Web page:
Reader e-mail about the series fell into two categories (well, three if you count all the spam). First, the readers who were pleased to have clarity on the myriad analytical tool choices out there. They said Matt's input helped narrow the field based on the business areas they need to focus on.
The second group was one I expected (and they didn't disappoint): people who don't have the budget to purchase all (or any) analytic tools. To quote one reader, "... how about something for those of us who have no budget?!"
Often, the issue isn't whether or not the marketer can cost-justify an analytics tool. It's more like, "Don't even bother to ask".
Whether we have budgets for sophisticated tools or not, we carry on. If everyone who couldn't afford the best analytics tools quit their jobs and flocked to companies that could, there'd be some serious unemployment in the marketing world.
An earlier column discussed some tried-and-true approaches for dealing with data-gathering problems. Two of the most relevant to this discussion are "Do it Yourself" and "Learn the Technology."
In the event both these fail, the final strategy is run! But before you lace up those running shoes, ask yourself if you've really exhausted all the options.
"Do it yourself" is a personal favorite. We mistakenly assume if something's not easy, it can't be done. Roll up those sleeves and get to work. There's no excuse for laziness. If you can't have those nifty tools, it just means you must work harder for the information you need.
I learned a lesson in agility and adaptation at my first "real" job, and I remain grateful for it. It happens to be a trick you can use today if you're desperate for data and see no solution in sight.
Leslie Schreiner, then the financial reporting manager at a small Georgia-based company, was tasked with providing product and customer information to the marketing and sales staff. At the time, the reporting method consisted of distributing the invoice print log, a two-foot stack of green-bar computer paper, printed in order of the customer number. As you can imagine, it was difficult to identify much of anything. Forget trends and forecasting.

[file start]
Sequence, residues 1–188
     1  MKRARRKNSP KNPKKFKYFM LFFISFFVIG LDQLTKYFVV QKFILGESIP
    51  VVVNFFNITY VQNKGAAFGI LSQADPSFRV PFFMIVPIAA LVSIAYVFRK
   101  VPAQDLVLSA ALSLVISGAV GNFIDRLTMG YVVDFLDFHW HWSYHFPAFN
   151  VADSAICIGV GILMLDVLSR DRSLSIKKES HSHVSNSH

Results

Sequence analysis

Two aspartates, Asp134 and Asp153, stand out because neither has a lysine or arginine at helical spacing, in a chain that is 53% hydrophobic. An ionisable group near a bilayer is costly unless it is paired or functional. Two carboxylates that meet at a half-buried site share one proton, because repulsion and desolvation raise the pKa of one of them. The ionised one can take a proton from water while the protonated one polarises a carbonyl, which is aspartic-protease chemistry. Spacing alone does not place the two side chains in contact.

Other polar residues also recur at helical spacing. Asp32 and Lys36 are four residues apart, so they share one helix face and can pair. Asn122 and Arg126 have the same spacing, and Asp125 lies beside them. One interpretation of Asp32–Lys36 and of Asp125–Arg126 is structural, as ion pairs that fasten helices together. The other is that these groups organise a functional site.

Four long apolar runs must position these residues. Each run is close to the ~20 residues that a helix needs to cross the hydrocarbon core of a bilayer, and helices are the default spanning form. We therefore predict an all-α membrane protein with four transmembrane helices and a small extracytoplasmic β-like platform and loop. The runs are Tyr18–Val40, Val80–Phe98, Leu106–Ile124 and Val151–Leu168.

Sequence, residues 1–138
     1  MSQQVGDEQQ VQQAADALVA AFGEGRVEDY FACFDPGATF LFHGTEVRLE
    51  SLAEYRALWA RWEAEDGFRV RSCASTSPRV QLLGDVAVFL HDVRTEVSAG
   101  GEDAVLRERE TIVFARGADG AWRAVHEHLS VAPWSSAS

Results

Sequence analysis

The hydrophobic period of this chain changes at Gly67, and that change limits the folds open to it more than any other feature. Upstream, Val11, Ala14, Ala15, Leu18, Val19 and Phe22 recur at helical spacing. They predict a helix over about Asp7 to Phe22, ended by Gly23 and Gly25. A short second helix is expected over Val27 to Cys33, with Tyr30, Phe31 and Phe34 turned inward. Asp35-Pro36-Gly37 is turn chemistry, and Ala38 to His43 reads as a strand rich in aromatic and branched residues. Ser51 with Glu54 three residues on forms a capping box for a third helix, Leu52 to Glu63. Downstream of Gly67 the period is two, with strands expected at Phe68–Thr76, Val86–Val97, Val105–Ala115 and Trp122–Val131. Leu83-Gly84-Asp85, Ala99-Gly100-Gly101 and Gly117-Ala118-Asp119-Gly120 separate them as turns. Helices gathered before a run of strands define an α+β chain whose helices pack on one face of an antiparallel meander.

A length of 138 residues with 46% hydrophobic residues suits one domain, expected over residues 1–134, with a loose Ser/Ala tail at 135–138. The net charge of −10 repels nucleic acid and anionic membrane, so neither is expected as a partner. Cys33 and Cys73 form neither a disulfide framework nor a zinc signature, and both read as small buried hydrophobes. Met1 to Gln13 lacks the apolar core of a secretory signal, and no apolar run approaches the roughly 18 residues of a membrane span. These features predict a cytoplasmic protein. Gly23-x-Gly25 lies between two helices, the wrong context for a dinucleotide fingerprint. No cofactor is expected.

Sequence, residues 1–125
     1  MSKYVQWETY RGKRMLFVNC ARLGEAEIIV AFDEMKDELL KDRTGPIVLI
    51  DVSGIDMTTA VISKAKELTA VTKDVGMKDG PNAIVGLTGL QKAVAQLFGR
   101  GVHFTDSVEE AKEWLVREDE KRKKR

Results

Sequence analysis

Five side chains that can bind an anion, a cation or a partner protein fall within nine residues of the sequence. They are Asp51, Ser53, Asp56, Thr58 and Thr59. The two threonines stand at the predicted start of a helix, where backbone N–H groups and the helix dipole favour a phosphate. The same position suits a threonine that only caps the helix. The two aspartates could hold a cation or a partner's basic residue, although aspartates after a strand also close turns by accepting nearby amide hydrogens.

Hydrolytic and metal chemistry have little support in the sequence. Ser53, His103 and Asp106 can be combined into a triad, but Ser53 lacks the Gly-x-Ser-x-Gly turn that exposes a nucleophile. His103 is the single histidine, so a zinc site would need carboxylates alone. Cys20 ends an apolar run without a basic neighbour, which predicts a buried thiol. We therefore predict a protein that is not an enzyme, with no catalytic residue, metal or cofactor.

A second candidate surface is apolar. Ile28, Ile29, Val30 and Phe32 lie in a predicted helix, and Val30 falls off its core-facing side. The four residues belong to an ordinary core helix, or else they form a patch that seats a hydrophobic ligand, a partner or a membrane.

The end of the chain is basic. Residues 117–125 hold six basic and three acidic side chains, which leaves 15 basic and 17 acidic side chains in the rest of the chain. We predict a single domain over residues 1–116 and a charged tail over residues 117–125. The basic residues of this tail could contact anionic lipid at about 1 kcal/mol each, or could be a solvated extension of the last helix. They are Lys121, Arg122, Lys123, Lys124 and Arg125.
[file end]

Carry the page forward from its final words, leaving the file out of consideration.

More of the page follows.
Leslie devised a method for capturing data that can still work. (Considering the technology available at the time, it was brilliant.) Invoices were printed from a mainframe. The infamous 2-foot-thick print log was also saved to a log file on the mainframe. Leslie figured out how to download the log file over a 96K connection. It took up to three days. It had to be watched, and often restarted. She stuck with it. She then wrote a macro using Lotus 123 (a precursor to Excel) that parsed the log file into a spreadsheet, saving product revenue by customer.
It took a few tries to develop a process that worked, but work it did. Leslie began providing information that gave sales and marketing incredible insight and helped identify opportunities.
Leslie's attitude stuck with me through my career. Any of us would understand if she'd thrown in the towel. Windows did not exist, nor did accountants who knew how to download and parse a print log. A lack of technology didn't stop her.
Adopt the same attitude today. Even big budget marketers can find themselves bogged down in red tape and tech snafus, and must revert to low-tech data gathering.
In coming weeks, we'll hear from marketers and analysts who've found some pretty creative ways to get the information they need with little to no budget. If you're suffering from small budget syndrome yet are determined to get the data you need, stay tuned.
I'd like to hear from you, too. Have an interesting "do it yourself" method others might employ? Please share it!